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Homicide law and ballistics experts discuss why the accident on the set of the film ‘Rust’ is an urgent call for action for tighter safety protocols in Hollywood.
A few weeks since the fatal shooting on the set of ‘Rust’, Alec Baldwin is now being sued for negligence by various members of his staff including the head electrician and the script supervisor.
The media reported many allegations of production budget cuts and staff members leaving the set due to unsatisfactory conditions provided. Numerous reports have also indicated that Baldwin’s stunt double fired a prop gun with live ammunition after being told it was ‘cold’ – meaning not loaded with live ammunition – only five days prior to the fatal accident.
As a producer of the movie and the person who discharged the gun that accidentally killed cinematographer Halyna Hutchins, it is likely that Baldwin will face more lawsuits.
But is this enough evidence to establish criminal negligence in the workplace? Homicide law expert Ms Helen Gibbon, a long-time lecturer in criminology and criminal law at UNSW Sydney's faculty of Law & Justice, says it depends on a number of factors.
“Establishing criminal liability for corporations can be difficult and occurs rarely. Workplace injuries and death are usually dealt with in the civil system or through occupational health and safety regulation,” Ms Gibbon says.
“In Commonwealth legislation, for instance, the test for corporate negligence is ‘if no individual employee [is negligent] that fault element may exist on the part of the body corporate if the body corporate’s conduct is negligent when viewed as a whole’ by aggregating the conduct of all employees, agents or officers.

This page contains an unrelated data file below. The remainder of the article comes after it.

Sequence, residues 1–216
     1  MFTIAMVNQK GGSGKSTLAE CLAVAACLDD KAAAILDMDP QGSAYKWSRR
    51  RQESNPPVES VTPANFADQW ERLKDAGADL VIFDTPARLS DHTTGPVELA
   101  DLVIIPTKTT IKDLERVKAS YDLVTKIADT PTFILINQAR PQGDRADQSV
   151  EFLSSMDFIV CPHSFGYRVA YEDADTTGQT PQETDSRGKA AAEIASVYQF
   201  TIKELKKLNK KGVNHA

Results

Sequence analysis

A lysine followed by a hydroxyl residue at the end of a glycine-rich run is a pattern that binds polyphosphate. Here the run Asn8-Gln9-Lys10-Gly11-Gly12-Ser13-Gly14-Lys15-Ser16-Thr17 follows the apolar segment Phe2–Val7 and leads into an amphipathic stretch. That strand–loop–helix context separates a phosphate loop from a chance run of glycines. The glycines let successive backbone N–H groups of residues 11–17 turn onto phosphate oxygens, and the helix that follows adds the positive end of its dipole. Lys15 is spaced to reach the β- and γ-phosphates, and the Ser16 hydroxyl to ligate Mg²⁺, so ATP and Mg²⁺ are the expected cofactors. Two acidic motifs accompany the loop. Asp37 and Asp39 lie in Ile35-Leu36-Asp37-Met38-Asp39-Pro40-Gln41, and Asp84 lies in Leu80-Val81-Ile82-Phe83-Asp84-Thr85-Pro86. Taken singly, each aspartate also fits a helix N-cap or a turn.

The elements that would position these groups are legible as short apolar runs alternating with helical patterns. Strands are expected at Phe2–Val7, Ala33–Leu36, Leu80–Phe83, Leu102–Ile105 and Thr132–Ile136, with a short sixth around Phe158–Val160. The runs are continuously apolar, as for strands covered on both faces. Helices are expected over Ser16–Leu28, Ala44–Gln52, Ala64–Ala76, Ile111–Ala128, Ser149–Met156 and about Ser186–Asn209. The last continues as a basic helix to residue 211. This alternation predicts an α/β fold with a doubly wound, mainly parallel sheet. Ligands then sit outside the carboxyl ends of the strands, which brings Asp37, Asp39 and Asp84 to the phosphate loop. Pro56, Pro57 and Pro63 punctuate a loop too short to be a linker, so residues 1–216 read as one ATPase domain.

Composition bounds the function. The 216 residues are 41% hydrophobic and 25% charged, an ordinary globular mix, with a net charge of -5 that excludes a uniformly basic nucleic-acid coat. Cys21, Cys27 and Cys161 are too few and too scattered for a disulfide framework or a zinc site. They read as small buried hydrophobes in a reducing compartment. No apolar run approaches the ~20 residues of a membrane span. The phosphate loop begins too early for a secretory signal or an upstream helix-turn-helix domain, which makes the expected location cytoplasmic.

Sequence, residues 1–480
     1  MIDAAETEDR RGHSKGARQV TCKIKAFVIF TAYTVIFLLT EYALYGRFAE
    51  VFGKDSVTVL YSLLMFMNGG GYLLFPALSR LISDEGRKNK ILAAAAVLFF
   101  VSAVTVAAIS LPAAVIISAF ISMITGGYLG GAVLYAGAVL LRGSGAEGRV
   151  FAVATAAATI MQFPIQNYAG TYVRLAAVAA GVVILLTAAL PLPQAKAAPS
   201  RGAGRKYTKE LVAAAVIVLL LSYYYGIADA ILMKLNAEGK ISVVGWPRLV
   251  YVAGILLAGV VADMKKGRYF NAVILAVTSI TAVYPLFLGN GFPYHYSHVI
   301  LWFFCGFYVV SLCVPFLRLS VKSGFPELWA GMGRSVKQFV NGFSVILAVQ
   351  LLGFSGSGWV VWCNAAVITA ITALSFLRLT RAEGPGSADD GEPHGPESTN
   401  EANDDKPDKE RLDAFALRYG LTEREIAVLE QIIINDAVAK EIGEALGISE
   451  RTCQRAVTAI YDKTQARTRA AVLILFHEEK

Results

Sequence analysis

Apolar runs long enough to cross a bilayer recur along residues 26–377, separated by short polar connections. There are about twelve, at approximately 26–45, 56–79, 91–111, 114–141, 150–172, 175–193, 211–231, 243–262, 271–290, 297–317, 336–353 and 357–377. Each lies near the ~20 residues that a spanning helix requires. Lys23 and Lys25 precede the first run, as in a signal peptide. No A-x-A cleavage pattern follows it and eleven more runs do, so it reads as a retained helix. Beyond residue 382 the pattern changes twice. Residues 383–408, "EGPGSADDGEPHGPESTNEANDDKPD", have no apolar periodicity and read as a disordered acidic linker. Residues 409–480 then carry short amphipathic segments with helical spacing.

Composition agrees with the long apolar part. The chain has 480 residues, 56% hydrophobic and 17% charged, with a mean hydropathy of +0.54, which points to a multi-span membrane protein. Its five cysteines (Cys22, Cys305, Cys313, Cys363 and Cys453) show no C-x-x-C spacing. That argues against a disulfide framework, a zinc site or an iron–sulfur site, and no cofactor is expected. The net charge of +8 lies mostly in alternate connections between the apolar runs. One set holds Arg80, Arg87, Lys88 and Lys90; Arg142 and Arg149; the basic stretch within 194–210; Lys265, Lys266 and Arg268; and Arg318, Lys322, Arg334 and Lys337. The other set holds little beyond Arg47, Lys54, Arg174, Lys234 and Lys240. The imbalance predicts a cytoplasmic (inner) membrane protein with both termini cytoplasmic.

“Therefore, reports that live rounds had already been inadvertently fired on the set and reported to management but not dealt with may aggregate to criminal negligence. It will depend on who knew of any prop safety concerns that were raised,” Ms Gibbon says.
So, although the criminal law attempts to criminalise corporations it is much better suited to establishing individual culpability. Also, the laws in New Mexico might differ.
“Whether any individual or group within the production company are held to be criminally liable for the death depends on the particular laws in New Mexico,” Ms Gibbon says.
“At the very least, this was negligence in the workplace and the production company may be held liable under civil law for the death of Halyna Hutchins and the injury caused to Joel Souza.”
If this is the case, the production company is likely to settle any civil lawsuits.
Despite the armourer and the props master both saying that the gun didn’t contain live ammunition, Baldwin might still be charged with criminal negligence manslaughter, Ms Gibbon says.
The test for criminal negligence manslaughter by lawful act in New Mexico is whether the accused person caused the victim’s death “without due caution and circumspection”, she says.